Contracts Course Outline – Briefs
Lucy v. Zehmer p1
o Plaintiffs / respondents: WO Lucy and JC Lucy
o Defendants / appellants: AH & Ida Zehmer:
o Whether a written agreement made by two parties must be honored despite one party’s actual intent, unknown to the second party, to the contrary.
o Lucy had offered to buy the piece of land in question from the Zehmer’s numerous times, but all prior offers had been declined.
o Lucy and Zehmer had discussed the details of the agreement for a significant amount of time, in complete detail.
o Zehmer did not directly state or imply his intention not to sell to Lucy until the following Tuesday
o Case went to circuit court where it ruled in favor of the Zehmers. That ruling was then appealed to the supreme court of Va.
o Buchanan, J ruled that Lucy had fair reason to believe that the contract Zehmer wrote was a serious and binding agreement, and the facts of the matter presented are consistent with the agreement as binding, so the previous ruling was reversed and specific performance was remanded.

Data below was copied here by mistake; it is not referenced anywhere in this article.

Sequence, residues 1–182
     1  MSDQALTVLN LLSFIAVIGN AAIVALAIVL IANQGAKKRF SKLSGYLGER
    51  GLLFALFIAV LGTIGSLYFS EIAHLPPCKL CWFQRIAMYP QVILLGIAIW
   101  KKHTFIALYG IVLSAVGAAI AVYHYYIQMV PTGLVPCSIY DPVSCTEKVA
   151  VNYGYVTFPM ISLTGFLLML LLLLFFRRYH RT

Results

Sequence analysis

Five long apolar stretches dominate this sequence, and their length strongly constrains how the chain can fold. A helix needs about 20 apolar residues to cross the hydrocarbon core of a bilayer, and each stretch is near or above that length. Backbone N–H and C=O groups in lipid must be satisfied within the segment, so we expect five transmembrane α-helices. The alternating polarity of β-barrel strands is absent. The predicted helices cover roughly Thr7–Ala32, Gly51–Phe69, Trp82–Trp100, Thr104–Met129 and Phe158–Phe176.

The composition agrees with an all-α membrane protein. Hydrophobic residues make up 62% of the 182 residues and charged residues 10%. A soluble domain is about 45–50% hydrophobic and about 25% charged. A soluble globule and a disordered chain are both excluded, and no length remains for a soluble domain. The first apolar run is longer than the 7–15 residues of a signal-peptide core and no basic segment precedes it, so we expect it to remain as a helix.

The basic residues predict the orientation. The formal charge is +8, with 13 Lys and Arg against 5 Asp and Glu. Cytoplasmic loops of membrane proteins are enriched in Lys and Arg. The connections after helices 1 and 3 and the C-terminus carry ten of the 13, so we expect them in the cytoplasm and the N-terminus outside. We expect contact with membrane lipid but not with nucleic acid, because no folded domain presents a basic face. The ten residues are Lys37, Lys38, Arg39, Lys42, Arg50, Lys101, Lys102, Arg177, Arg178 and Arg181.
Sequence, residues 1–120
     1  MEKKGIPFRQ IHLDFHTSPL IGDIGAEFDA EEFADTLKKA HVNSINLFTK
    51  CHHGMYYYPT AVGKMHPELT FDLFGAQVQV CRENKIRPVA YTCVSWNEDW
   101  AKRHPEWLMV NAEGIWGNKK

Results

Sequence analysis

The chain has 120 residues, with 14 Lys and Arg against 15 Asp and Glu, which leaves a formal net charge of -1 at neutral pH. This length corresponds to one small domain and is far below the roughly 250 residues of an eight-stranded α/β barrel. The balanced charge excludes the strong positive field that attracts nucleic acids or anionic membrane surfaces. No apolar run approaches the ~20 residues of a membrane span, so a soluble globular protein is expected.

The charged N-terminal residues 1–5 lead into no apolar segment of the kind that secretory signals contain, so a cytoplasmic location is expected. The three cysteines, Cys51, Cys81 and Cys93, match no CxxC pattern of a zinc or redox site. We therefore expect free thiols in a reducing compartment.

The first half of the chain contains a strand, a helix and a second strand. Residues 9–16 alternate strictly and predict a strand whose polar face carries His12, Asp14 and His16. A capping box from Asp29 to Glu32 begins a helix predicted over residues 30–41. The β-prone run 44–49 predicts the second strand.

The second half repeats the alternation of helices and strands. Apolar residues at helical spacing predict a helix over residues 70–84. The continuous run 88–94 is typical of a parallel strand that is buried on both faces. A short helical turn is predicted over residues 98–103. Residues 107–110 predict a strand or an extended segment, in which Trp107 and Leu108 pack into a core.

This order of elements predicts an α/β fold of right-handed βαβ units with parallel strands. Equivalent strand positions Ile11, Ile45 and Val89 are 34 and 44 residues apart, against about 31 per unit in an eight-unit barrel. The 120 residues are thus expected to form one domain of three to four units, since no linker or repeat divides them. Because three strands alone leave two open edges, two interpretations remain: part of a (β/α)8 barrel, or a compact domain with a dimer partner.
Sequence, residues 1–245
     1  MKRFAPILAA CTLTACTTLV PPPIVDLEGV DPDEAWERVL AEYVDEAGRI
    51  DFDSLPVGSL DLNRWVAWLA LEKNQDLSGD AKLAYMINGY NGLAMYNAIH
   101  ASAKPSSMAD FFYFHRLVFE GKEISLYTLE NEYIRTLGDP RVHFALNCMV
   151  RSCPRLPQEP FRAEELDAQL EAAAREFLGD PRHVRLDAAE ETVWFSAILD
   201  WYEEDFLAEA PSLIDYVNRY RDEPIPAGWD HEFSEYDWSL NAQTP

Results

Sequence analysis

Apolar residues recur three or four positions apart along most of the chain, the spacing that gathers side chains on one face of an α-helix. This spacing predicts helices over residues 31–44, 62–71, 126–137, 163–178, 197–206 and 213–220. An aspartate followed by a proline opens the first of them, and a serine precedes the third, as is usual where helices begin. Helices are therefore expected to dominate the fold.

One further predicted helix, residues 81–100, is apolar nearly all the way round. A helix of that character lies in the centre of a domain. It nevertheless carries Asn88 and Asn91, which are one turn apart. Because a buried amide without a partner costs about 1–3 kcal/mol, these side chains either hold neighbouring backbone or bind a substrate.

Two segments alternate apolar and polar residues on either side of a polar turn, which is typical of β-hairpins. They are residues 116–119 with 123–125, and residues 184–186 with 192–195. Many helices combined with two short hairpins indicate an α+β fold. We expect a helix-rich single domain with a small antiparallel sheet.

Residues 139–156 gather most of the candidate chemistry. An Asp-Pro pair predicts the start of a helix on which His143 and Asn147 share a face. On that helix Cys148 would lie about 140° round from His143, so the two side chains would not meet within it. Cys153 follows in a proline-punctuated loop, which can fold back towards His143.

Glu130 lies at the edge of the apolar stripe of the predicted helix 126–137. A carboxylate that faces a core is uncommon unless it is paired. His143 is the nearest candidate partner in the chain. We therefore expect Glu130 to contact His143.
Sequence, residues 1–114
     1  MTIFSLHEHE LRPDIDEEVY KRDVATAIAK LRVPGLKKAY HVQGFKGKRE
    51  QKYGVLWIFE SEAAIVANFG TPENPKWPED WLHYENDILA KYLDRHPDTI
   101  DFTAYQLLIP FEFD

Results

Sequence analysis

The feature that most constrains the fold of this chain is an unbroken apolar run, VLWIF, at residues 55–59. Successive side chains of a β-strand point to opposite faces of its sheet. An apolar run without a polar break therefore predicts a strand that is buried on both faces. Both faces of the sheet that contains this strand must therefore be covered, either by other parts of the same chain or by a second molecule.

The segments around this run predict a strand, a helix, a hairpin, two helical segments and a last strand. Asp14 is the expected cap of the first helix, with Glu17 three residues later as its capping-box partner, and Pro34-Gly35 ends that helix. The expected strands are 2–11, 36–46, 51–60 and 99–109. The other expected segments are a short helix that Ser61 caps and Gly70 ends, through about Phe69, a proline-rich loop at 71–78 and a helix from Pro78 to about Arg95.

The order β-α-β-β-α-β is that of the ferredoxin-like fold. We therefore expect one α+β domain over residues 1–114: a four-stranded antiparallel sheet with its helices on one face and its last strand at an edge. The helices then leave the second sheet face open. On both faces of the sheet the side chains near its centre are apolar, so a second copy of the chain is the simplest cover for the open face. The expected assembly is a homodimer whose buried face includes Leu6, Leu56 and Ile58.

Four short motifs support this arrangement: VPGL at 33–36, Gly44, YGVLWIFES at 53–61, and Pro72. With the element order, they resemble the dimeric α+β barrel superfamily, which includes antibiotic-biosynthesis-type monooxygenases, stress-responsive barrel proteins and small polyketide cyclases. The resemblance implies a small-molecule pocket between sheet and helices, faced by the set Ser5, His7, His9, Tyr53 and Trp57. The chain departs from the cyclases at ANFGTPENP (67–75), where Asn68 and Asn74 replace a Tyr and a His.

o The judge ruled that none of Zehmer’s actions were apparent to Lucy that the agreement was written in jest. Further Zehmer’s claims of intoxication were not supported by the evidence. Because law states that that an agreement can only be formed by the expressions between the two parties, all expressions outside of that communication cannot be taken into account.
Northern India Public Service Co. v. Carbon County Coal Co.
· Northern India Public Service Co.
· Carbon County Coal Co.
· Whether a party can use a force majeure clause in order to opt out of its contractual obligations when fulfilling those obligations would result financial loss which has been indirectly imposed by a ruling body.
· In 1978 NIPSCO entered in to a contract to buy a fixed rate of coal at a semi fixed price (adjustable floor to account for dramatic increases in market price).
· In 1983 NIPSCO could not raise its rates to account for rising operational cost, but was mandated to buy energy from other companies at a lower rate then would be its cost to operate.
· The commission that regulated the energy buy stated that the responsibility of entering into a long term coal supply agreement rested entirely with NIPSCO